We have also discussed the political issues that are currently haunting the African countries—Chad, western Sahara, but especially southern Africa, where the delays in the independence of Namibia and the persistence of apartheid in South Africa engender an untenable situation in the frontline states. President Ronald Reagan and I agree that more consultation between Africa and the United States of America will make it possible to remove the obstacles and solve these problems in serenity, in justice, and in the rule of law.
Besides, I would be right to say that through these discussions we were able to compare our common desire to see peace and security prevail throughout the world on the basis of the great ideals of the right of the peoples to self-determination and liberty, respect for all the countries' sovereignty and territorial integrity, respect for the countries' domestic political choice, and respect for the rules of good neighborliness and peaceful coexistence among the nations.
Naturally, we did not lose sight of the economic issues, because Niger and all Africa are severely hit by the economic crisis that unfortunately affects all the continents. In this regard, we both recognized that the United States have a top role to play in order to safeguard peace in the world and, mostly, to save the stability of small nations.
My conclusion, therefore, is that I am fully satisfied with these talks during which I congratulated President Ronald Reagan for all the efforts that he has been making and for the great vigilance that he has personally shown concerning Niger and regarding the problems of Africa. You know that in recent years, President Ronald Reagan and his administration have launched a diversified, dynamic, and especially friendly and fruitful cooperation with my country. And I can say today that the United States of America are among our most active and most effective partners.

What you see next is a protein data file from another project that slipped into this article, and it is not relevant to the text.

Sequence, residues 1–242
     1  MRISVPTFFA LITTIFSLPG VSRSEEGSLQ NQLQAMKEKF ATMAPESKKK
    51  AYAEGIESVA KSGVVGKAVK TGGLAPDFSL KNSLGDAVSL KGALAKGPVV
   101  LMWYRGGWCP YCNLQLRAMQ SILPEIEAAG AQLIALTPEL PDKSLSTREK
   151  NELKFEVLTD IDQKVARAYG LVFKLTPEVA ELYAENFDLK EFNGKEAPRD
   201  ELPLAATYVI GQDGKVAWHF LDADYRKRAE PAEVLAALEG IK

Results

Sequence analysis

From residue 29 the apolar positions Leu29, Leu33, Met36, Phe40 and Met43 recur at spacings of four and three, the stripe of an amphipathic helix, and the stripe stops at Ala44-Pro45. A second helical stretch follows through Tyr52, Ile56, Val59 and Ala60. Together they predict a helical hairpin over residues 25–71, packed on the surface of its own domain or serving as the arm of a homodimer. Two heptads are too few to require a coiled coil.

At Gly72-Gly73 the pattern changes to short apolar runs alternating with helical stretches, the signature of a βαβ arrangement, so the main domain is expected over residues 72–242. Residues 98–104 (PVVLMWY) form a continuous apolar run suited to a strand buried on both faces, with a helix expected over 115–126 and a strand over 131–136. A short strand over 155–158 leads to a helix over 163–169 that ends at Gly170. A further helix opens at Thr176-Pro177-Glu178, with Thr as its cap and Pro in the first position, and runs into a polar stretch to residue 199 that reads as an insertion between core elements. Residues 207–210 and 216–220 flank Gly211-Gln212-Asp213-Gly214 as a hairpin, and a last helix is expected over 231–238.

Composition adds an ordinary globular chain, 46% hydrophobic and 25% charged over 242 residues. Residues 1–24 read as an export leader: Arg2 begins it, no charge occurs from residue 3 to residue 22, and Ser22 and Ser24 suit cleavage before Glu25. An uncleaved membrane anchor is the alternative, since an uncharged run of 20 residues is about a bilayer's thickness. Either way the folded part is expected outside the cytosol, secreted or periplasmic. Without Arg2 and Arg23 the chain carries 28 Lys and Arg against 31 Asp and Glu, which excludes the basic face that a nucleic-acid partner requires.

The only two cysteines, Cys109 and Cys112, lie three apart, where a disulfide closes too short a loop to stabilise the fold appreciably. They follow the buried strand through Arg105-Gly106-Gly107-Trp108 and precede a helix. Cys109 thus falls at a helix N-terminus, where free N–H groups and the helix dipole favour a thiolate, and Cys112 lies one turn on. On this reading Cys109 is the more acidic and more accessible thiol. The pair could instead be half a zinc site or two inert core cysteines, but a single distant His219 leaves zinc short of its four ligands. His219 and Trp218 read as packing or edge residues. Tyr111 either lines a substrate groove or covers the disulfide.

As for the President, he appeared as a man most devoted to his duties and to his nation. Moreover, I have been seriously impressed by the fact—by his awareness of the global problems, his worshiping of liberty and the fulfillment of man, his determination to build an American society ever stronger and more prosperous.
I wish him good health, a continuous clearmindedness, a growing clear sight to fulfill the well-deserved new term of office with which he has just been entrusted by the people, following his reelection, that in all aspects was a personal triumph and a general satisfaction expressed to him by the great American people.
I thank you.
Note: President Reagan spoke at 1:23 p.m. at the South Portico of the White House. President Kountche spoke in French, and his remarks were translated by an interpreter.
Earlier, the two Presidents met in the Oval Office. They then hem a working luncheon, together with U.S. and Niger officials, in the State Dining Room.
Ronald Reagan, Remarks of President Reagan and President Seyni Kountche of Niger Following Their Meetings Online by Gerhard Peters and John T. Woolley, The American Presidency Project https://www.presidency.ucsb.edu/node/261241